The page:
The American College of Sports Medicine’s recommendations for hypertrophy are that novice trainees perform 8-12RM for 1-3 sets per body part, resting for 1-2 minutes and training 2-3 times/week; whereas, advanced trainees are directed to use 70%-100% of their 1RM for 3-6 sets, with varying rest periods depending on goals, and a 4-6 days/week frequency.(1) Strength training recommendations are similar. However, research over the last few years (and decades of successful methods seen in strength athletes and bodybuilders through time) has demonstrated that while these recommendations likely work, they are only a small part of the total picture.
More recently, Fisher et al wrote a position stand that recommended maximal intensity of effort (lifting to momentary muscular failure) for each set, using a load and frequency that corresponds to the trainee’s goals, and performing a single set per exercise.(2)
Finally, Brad Schoenfeld, my current favorite exercise researcher, published a meta-analysis (a paper that combines the results of multiple studies to find larger patterns in the literature) on the effects of different rep ranges on strength and hypertrophy. The meta analysis compared low loads (<60% 1RM) to high loads (>65% 1RM) and found that there was a greater effect size for hypertrophy in the high loads than the low loads, and that strength improvements were much higher in the high load groups.(3) However, a closer examination of the included studies shows that 6 of the 8 studies examining hypertrophy had the high load groups performing more sets than the low load groups. If you’ve kept up with Strengtheory at all, then you probably know that more sets stimulates more strength and size gains, so this is an obvious confounding variable.
The Size Principle
Before we can dig into the real meat of the subject, it’s important to understand some basic physiology of muscle recruitment. During any set in which you lift a weight to failure, your nervous system will first recruit small/slow motor units and then begin to recruit larger and faster motor units until the force demands are met (or cannot be met).(4) For example (and I’m just making these numbers up to facilitate understanding of the concept), let’s say I can curl a 50 lb. dumbbell 10 times. During the first 3 reps, I might only be using small/slow motor units and muscle fibers. By the 6th rep, the smaller fibers have fatigued a little and can no longer produce enough force to move the weight, and I begin recruiting larger muscle fibers. By the 10th rep, all the muscle fibers in my biceps have been recruited and have experienced enough fatigue that they can no longer produce enough force to move the weight, and I fail the 11th rep. The size principle is more complex than this in actual practice, but this explains the basic concept.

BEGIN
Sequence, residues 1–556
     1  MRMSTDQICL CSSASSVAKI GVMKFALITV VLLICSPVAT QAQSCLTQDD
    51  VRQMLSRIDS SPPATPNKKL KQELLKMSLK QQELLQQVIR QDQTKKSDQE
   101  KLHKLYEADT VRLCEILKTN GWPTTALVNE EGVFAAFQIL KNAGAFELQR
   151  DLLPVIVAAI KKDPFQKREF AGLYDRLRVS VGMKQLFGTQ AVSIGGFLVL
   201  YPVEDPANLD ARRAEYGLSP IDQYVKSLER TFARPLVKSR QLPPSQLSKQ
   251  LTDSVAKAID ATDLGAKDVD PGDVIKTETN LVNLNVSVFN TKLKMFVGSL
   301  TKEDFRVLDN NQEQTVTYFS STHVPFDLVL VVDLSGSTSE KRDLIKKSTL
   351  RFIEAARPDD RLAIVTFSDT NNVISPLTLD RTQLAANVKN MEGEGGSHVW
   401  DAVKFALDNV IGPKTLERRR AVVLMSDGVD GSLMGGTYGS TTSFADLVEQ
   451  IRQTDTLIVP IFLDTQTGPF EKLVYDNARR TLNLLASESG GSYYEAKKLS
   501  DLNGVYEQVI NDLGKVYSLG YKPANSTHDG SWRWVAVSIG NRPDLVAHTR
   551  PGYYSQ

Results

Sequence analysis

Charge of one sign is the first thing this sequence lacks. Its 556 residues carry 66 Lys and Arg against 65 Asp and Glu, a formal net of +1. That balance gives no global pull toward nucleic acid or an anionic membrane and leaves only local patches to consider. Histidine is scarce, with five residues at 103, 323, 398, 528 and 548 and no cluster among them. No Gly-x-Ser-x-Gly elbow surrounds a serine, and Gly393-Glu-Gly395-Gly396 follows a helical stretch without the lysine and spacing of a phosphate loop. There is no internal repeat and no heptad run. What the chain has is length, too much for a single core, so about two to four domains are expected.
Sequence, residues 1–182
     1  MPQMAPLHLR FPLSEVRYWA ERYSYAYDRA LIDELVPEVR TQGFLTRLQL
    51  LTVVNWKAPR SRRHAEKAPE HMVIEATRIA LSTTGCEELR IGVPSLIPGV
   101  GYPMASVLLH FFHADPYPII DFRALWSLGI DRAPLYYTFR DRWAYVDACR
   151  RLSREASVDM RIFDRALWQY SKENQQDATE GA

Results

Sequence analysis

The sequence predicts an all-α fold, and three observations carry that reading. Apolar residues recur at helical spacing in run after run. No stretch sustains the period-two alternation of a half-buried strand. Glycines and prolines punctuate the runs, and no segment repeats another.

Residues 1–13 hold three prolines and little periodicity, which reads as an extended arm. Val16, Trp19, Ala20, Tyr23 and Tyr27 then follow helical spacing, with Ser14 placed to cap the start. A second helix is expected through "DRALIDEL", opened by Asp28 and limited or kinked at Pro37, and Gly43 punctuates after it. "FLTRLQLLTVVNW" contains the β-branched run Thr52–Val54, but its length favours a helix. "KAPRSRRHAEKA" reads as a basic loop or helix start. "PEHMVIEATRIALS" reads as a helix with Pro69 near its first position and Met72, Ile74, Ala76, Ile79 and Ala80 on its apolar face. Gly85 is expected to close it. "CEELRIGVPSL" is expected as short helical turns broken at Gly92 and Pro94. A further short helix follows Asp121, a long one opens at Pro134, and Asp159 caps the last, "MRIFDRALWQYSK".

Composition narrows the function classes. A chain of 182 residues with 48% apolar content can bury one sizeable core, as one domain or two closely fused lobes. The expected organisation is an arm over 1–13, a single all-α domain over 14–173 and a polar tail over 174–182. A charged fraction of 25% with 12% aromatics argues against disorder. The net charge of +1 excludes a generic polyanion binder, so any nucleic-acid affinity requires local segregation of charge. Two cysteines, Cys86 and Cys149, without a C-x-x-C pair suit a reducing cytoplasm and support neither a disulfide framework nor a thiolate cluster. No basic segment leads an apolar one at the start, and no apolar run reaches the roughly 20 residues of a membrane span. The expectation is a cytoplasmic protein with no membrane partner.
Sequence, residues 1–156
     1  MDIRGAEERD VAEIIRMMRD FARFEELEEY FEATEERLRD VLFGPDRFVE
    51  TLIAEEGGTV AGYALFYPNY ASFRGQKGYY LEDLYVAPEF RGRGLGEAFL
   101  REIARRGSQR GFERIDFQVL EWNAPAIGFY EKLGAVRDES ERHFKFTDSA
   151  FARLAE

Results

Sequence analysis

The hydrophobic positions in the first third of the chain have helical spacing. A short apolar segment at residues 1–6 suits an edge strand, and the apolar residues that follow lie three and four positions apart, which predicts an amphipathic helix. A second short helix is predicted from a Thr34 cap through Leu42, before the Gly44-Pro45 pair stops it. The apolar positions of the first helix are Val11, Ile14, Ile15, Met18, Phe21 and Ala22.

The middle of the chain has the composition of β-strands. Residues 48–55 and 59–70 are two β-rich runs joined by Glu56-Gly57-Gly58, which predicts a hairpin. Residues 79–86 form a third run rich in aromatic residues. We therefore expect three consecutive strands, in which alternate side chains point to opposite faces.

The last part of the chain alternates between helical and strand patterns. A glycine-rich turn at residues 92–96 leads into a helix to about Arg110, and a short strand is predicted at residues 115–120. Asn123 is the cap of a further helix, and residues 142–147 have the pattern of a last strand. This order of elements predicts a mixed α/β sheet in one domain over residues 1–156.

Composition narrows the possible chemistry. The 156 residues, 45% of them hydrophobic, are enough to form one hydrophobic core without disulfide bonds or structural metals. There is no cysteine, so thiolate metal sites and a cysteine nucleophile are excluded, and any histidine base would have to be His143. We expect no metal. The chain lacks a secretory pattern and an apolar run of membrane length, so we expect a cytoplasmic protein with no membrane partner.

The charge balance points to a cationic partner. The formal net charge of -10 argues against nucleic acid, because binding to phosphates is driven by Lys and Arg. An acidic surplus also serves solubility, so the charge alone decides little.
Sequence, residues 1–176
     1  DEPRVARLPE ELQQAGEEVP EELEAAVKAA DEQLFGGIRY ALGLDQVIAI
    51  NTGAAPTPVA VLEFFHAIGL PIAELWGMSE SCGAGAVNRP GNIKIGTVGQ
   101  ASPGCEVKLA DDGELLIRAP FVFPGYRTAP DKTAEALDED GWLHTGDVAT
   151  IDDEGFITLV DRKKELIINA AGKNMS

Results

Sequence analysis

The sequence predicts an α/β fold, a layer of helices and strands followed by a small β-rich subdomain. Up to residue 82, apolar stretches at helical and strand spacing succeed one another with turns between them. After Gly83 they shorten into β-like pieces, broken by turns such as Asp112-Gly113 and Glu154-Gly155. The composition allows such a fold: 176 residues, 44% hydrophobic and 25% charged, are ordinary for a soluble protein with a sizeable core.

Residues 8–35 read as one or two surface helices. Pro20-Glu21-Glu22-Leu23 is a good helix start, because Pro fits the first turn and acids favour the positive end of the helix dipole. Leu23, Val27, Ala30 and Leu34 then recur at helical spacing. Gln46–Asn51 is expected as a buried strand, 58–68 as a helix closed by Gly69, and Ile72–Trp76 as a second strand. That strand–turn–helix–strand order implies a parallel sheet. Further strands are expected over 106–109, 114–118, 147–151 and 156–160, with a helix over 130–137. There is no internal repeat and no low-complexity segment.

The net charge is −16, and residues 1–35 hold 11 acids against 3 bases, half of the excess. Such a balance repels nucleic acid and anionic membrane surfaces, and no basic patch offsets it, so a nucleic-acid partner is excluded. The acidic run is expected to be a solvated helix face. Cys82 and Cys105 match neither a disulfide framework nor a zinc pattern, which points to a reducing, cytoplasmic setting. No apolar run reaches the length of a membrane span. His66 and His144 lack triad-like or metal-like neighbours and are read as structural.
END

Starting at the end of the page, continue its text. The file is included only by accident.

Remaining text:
Now, what happens if instead of a 50 lb. dumbbell, I pick up a 25 lb. dumbbell and lift to failure at 20 reps? The exact same pattern repeats. The same basic thing also happens if I pick up a 75 lb. dumbbell and lift to failure at 3 reps. As far as the muscle knows, the same thing has happened each time: All the muscle fibers were recruited and eventually something happened to make them less able to produce force.
Now, there is some recent EMG evidence that calls into doubt whether the biggest/fastest motor units are recruited during high rep sets to failure in trained lifters, but there are several possible explanations for the lower EMG readings with low loads,(5) and the size principle has thus far stood the test of time. It could be that while the largest fibers were indeed recruited during low load lifting to failure, less fibers were being recruited simultaneously, so the peak EMG was lower. It could also be that trained lifters who have been lifting in a certain rep range for a long time are able to put forth more effort in that rep range (typically a heavier load), and if they had trained for a few weeks with the lighter load, they would have learned to put forth equivalent effort.